Modes of assessment

Before beginning a new topic, concept or subject in a course, accomplished faculty members find out what students already know about the topic.  Even though their knowledge may be partial or incorrect, finding out what their understandings are and adjusting teaching strategies to build on or correct misperceptions will enhance student learning.  Strategies for determining what students know can be quick, simple and timely.  Have students answer an open ended question in a one minute quickwrite on a 3”x5” card and collect them.  Have students respond with a show of hands or using technology.  Ask several students to come up to the whiteboard and work a problem in front of the class and have the rest of the students use a thumbs up or down to agree or disagree with the solution.  Ask students to name the principle behind an example flashed on a PowerPoint slide.  These are just a few of many ways to elicit feedback quickly, even in a large course setting.  Once the student perspective is elicited use it to tailor your teaching to the needs of the class.  Dispel misconceptions, further explain areas of weakness, and reduce time for areas where students already understand.  New faculty members who utilize pre-assessment strategies will better meet the learning needs of their students.

Formative assessment
One way to think about formative assessment is as practice, without holding students fully accountable for skills and concepts that have just been introduced.  Students who are involved in formative assessment, serve both as assessors of their own learning and as resources to other students. A key feature of formative assessment is descriptive feedback as students learn.  In this way students become aware of what they are doing well, and where they need to focus more attention.  Formative assessments come in many forms but include homework problems, quizzes, drafts of papers with responses, and even “clicker” feedback used during a lecture to measure student understanding. What instructors do with the knowledge they gain from formative assessment determines whether it is effective for improving student learning.  Accomplished faculty members use what they learn during formative assessment to adjust their teaching, reteach, or redirect student efforts toward achievement.

Summative assessment
Summative assessments are spread out and occur after instruction as a final measure of learning for a particular topic in a course or for the entire course.  These assessments typically occur too far down the learning path to provide feedback for a particular learner, although they do serve an important measure for faculty to determine how effectively they have taught a topic, and whether to revise their teaching in the future when they teach the same course.


Classroom Assessment Technique Examples
Angelo, T. & Cross, K., (1993).Classroom Assessment Techniques: A Handbook for College Teachers, 2nd Ed.
This book offers fifty classroom assessment techniques for the college instructor.

Differentiated Assessment Strategies
Tomlinson, C., (2009).Course Syllabus, A Distance Learning Graduate Course
This course was developed in collaboration with K-12 teachers to introduce assessment strategies, including pre-assessment.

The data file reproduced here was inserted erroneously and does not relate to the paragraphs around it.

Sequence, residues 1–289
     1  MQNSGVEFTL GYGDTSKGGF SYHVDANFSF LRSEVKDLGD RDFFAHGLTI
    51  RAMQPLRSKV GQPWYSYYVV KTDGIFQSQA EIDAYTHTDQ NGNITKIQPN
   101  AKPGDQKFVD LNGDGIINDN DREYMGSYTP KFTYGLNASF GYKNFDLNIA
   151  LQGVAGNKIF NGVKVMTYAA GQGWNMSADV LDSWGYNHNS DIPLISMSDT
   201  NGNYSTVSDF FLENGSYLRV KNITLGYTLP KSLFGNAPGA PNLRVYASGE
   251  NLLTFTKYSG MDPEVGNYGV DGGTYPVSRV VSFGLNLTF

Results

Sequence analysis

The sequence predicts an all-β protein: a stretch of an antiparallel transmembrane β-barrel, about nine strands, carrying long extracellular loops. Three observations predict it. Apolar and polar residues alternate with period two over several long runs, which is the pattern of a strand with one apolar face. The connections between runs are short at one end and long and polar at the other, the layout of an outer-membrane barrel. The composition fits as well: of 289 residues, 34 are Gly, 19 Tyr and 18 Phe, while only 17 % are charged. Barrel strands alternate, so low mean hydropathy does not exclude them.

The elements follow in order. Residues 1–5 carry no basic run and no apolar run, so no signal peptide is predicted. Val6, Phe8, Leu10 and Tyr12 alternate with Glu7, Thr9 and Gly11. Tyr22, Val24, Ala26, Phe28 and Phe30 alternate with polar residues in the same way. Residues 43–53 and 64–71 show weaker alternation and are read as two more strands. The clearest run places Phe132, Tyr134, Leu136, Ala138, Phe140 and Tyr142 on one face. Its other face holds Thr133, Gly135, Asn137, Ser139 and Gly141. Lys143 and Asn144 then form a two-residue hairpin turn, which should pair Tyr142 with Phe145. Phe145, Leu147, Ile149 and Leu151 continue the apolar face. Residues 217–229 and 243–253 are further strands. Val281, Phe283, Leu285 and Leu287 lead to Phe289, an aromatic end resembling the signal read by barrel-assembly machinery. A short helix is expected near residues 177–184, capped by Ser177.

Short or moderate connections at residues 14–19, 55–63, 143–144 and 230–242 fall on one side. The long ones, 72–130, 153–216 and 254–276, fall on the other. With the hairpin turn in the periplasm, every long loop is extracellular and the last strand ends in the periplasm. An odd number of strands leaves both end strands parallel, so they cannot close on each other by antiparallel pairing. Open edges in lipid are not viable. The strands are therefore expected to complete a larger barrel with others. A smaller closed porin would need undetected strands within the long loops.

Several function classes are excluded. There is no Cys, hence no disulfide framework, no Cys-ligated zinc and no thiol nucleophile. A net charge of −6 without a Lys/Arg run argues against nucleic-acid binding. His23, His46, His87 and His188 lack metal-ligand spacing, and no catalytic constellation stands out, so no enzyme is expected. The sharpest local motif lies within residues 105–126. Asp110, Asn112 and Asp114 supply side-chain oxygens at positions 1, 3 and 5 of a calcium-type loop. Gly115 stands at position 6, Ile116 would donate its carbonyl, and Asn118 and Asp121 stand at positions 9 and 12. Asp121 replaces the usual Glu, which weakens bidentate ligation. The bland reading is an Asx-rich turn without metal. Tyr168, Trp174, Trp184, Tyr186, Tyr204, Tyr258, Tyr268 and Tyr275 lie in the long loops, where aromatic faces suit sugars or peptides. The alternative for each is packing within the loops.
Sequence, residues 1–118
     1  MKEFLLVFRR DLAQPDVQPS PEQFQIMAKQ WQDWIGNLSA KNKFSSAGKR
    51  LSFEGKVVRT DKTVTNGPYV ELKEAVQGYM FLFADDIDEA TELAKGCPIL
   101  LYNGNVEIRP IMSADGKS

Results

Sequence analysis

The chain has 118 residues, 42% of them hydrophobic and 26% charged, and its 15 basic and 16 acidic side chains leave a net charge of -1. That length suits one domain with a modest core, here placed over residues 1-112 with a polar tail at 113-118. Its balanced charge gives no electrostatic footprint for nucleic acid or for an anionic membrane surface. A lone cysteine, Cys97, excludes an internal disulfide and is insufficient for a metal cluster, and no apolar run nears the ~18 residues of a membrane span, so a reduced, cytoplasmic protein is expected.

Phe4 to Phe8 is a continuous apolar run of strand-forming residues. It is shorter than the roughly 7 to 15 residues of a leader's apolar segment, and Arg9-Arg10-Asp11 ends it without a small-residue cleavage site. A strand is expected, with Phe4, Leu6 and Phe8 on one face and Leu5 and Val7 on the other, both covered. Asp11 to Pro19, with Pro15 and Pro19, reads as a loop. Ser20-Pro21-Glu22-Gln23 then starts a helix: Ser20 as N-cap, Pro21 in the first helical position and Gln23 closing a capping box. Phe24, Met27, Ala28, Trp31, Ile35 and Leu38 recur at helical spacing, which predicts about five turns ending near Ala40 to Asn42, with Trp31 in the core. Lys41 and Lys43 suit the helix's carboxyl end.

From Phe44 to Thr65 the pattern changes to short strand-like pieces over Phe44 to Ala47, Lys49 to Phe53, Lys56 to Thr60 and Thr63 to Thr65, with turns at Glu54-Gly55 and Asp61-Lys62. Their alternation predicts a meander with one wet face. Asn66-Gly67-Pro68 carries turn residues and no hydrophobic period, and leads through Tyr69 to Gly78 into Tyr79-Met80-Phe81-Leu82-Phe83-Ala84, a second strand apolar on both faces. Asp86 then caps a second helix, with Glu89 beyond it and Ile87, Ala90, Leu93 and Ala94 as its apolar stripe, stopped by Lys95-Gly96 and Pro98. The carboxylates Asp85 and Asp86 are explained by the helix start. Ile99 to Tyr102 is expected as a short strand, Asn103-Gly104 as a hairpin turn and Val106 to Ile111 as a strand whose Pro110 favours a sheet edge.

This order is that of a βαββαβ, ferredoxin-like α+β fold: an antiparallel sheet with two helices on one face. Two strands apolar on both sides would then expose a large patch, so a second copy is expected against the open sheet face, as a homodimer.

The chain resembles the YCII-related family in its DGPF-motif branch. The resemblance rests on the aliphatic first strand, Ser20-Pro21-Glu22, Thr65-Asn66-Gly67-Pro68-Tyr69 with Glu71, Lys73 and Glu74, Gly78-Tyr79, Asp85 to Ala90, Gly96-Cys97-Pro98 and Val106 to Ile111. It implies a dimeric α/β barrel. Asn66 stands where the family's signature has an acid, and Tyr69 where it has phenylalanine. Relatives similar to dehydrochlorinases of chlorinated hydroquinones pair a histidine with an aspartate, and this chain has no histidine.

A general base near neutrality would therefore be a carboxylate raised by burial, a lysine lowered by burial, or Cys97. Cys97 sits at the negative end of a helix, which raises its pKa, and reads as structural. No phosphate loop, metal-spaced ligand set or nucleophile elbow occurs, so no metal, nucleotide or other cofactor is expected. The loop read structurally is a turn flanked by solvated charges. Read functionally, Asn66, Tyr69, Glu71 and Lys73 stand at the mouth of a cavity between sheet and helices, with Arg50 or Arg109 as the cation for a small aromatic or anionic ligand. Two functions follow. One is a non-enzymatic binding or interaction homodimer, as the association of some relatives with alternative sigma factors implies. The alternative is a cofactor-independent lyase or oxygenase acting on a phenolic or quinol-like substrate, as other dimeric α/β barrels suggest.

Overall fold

Best Practice in Assessment

Classroom Assessment
Center for Instructional Development and Research, University of Washington
A number of good resources are linked to this site.

Best Practices in Assessment
Office of assessment, University of Kentucky
Results of a conference on best practices in assessment, this site outlines 50 classroom assessment techniques, and outlines four types of learning to assess, how, what, when/where, and why.

Formative Assessment

Formative Assessment in Physiology: Teaching Using a Wireless Classroom Communication System
Paschal, C.B. (2002). Teaching with Technology, Advanced Physiology Education, No. 26 p. 299-308, American Physiological Society
Department of Engineering, and Department of Radiological Sciences, Vanderbilt University School of Medicine.

In this study a traditional lecture/reading course is compared to teaching with an instant student feedback system.

The Use of Formative Assessment in University Level Mathematics Courses
Stull, J. (2008). Plenary meeting session summary, Temple University
This is a summary of the results of a study of implementation of formative assessment in a differential equations course.

Formative Assessment in the Classroom
Faculty Resources Quick Tips, Center for Excellence in Teaching and Learning. Park University
This is an overview of the advantages and disadvantages, guidelines for enhancing, resource links and references for formative assessment.

Formative Assessment: What Do Teachers Need to Know and Do?
Heritage, M. (October, 2007), Phi Delta Kappan, Vol. 89, No. 2
Asst. Director for professional development at the National Center for Research on Evaluation, Standards and Student Testing (CRESST), UCLA
While the article addresses K-12 teaching, it is helpful for university faculty as well due to the comprehensive definition of formative assessment it offers.

Summative Assessment

Summative Classroom Assessment
Faculty Resources Quick Tips, Center for Excellence in Teaching and Learning. Park University
This site provides an overview of the advantages and disadvantages, guidelines for enhancing, resource links and references for summative assessment.

Summative Assessment with Formative Feedback: An Intervention in a Bioscience Cohort
Parry, D., Larsen, C. & Walsh, C. (April, 2008). Bioscience education, Department of Health and Applied Social Sciences. Liverpool Hope University
The link between student learning and assessment is explored in a pilot study designed in response to a need to open dialogue around student assessment.


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